HSR22-122: Racial Disparities in Breast Cancer-Specific Survival Among Women Aged 40 Years or Younger in the United States

Authors: Malak Abuamsha MD, MPH1, Hasan Abuamsha MD2, and Raed Bahelah PhD, MD, MPH&TM1
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  • 1 Baldwin Wallace University, Berea, Ohio
  • | 2 St. Vincent Charity Medical Center - Northeast Ohio Medical University (NEOMED), Cleveland, Ohio

Background: Breast cancer is the most common cancer among young women. Also, the incidence has been rising in the past decades. Furthermore, younger women tend to have a more aggressive type at the diagnosis with a less favorable prognosis. Significant racial disparity in the incidence rate and outcomes has been documented in the literature. However, there has been limited data on the racial disparity in young women's breast cancer survival. We, therefore, sought to examine the differences in breast cancer-specific survival across the racial group in women age 40 or younger. Methods: We conducted a retrospective cohort study of patients diagnosed with breast cancer between 2010-2016 using data extracted from the United States Surveillance, Epidemiology, and End Results (SEER) database. We included all adult female patients aged 40 and younger diagnosed with primary breast cancer. We used the cox proportional hazard regression analysis to examine the association between mortality and other patient characteristics. The effects were expressed as hazard ratios (HR) and 95% confidence intervals (CI). Kaplan-Meier method was used to estimate cancer-specific survival across the racial groups. Results: This study included 21,646 women with a mean age at diagnosis of 36 (± 4 standard deviation (SD) years. Of these, 71.27% (n=15,428) were white, 15.31 % (n=3,314) were Black, 12.67% were Asian or Pacific Islander (n= 2,742), and 0.75% were American Indian/Alaskan Native (n=162). The median follow-up was 33 months (Interquartile range(IQR), 15-55 months). We found that Black women had increased risks of cancer-specific mortality (HR= 1.21, 95% CI 1.06-1.37) compared to white women. The mean breast cancer-specific survival was highest among the white 76.15 months (95%CI 75,84-77.02) and the lowest among the black women 72.15 months (95%CI 71.20-73.11). We also found that young Black women more frequently have poor prognostic factors than women in other racial groups. Furthermore, across all racial groups, Triple Negative, higher stage at the time of diagnosis, being uninsured, or having Medicaid, low socioeconomic status was associated with a high risk of cancer-specific mortality. Conclusion: The racial disparity in breast cancer-specific survival is evident. Further studies are needed to examine the factors that influence these disparities so a better understanding of these factors will facilitate the development of strategies to improve outcomes.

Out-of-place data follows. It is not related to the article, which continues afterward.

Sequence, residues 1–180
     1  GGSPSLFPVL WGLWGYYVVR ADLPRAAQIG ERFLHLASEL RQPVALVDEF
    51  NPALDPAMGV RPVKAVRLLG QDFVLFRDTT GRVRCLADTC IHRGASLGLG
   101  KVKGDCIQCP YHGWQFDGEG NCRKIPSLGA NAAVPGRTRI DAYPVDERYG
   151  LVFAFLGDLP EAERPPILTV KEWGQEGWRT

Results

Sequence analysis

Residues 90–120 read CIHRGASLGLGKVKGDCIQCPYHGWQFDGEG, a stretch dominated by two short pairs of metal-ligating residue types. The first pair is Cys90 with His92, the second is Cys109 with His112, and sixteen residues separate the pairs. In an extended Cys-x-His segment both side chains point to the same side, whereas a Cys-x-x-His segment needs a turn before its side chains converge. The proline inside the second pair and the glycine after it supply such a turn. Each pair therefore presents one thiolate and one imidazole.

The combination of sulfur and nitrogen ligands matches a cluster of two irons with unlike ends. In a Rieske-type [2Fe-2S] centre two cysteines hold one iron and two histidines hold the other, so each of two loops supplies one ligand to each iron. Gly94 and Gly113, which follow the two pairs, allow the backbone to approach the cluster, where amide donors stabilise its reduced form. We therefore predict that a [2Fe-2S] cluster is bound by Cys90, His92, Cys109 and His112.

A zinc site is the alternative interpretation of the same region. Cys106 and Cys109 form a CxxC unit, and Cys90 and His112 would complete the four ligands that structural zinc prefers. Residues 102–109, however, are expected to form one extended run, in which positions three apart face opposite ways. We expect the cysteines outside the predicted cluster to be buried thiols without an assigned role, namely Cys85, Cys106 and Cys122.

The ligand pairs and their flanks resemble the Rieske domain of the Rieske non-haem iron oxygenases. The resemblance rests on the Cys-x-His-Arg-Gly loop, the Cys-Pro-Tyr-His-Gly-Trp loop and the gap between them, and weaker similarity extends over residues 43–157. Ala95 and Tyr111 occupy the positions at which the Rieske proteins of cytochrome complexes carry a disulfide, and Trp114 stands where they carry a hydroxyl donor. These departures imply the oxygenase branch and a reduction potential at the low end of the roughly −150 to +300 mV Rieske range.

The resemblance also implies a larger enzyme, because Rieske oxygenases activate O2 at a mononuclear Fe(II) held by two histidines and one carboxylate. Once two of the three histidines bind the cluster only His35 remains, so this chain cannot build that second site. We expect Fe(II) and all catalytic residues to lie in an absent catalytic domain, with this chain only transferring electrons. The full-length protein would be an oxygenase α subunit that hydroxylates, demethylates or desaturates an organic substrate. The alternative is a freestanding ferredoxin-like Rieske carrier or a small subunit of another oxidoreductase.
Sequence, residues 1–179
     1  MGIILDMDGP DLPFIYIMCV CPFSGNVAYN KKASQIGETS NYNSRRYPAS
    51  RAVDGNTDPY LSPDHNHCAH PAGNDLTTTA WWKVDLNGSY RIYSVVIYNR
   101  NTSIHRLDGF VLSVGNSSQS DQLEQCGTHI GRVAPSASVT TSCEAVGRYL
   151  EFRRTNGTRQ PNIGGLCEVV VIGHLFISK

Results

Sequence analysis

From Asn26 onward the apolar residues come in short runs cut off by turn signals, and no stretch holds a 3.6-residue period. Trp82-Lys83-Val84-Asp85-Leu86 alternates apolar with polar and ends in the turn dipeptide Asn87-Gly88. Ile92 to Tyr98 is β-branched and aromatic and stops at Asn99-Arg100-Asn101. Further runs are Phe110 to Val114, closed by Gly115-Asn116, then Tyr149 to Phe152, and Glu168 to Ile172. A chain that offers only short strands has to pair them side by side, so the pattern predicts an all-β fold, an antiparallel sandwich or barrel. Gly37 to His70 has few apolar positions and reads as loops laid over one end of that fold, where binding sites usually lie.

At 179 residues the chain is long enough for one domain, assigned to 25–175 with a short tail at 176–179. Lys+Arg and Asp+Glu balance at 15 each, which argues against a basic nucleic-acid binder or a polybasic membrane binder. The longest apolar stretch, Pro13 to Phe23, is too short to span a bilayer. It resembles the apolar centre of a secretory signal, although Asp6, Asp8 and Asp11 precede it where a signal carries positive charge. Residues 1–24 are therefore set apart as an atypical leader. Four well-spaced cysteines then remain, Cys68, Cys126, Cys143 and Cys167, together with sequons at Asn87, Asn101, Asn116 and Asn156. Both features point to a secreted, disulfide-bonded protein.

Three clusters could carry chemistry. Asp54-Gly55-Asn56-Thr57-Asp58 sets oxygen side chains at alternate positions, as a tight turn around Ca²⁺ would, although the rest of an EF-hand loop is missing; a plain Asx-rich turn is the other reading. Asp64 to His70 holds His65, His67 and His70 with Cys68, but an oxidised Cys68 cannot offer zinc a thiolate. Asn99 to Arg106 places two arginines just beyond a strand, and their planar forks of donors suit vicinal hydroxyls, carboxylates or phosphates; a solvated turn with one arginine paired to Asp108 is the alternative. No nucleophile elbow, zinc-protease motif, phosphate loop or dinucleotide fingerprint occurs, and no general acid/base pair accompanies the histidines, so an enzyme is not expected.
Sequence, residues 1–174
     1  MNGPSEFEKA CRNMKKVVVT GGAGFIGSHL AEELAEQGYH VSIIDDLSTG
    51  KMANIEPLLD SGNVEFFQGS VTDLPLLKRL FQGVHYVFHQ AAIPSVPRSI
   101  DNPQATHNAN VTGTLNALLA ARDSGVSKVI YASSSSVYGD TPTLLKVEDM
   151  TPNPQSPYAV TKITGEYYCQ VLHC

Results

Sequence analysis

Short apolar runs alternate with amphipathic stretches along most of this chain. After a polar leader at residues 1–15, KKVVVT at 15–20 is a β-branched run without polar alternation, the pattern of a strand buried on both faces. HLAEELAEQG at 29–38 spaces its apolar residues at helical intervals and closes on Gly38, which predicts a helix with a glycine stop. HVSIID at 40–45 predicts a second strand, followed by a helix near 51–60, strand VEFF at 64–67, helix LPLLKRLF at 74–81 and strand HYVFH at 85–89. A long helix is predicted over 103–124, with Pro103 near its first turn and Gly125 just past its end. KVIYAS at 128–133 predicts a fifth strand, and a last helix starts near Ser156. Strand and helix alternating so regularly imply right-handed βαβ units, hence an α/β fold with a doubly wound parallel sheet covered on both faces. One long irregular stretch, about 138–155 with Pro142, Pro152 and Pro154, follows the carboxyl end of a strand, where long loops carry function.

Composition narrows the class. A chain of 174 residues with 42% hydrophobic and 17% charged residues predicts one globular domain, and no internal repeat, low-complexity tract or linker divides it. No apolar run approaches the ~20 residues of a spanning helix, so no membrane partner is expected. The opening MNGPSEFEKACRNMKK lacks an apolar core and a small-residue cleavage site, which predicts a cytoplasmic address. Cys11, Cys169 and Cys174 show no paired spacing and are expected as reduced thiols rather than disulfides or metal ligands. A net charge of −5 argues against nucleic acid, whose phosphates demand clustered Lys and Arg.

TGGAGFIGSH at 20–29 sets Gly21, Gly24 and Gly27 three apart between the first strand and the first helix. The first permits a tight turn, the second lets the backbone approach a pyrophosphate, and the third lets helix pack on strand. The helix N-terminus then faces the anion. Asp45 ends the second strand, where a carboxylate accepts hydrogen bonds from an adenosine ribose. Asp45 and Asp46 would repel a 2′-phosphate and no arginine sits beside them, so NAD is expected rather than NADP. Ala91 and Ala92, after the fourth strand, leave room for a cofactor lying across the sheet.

HSR22-122 Table 1: Bivariable and multivariable association between patient characteristics and breast cancer-specific mortality

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HSR22-122 Figure 1

Citation: Journal of the National Comprehensive Cancer Network 20, 3.5; 10.6004/jnccn.2021.7210

Corresponding Author: Hasan Abuamsha, MD
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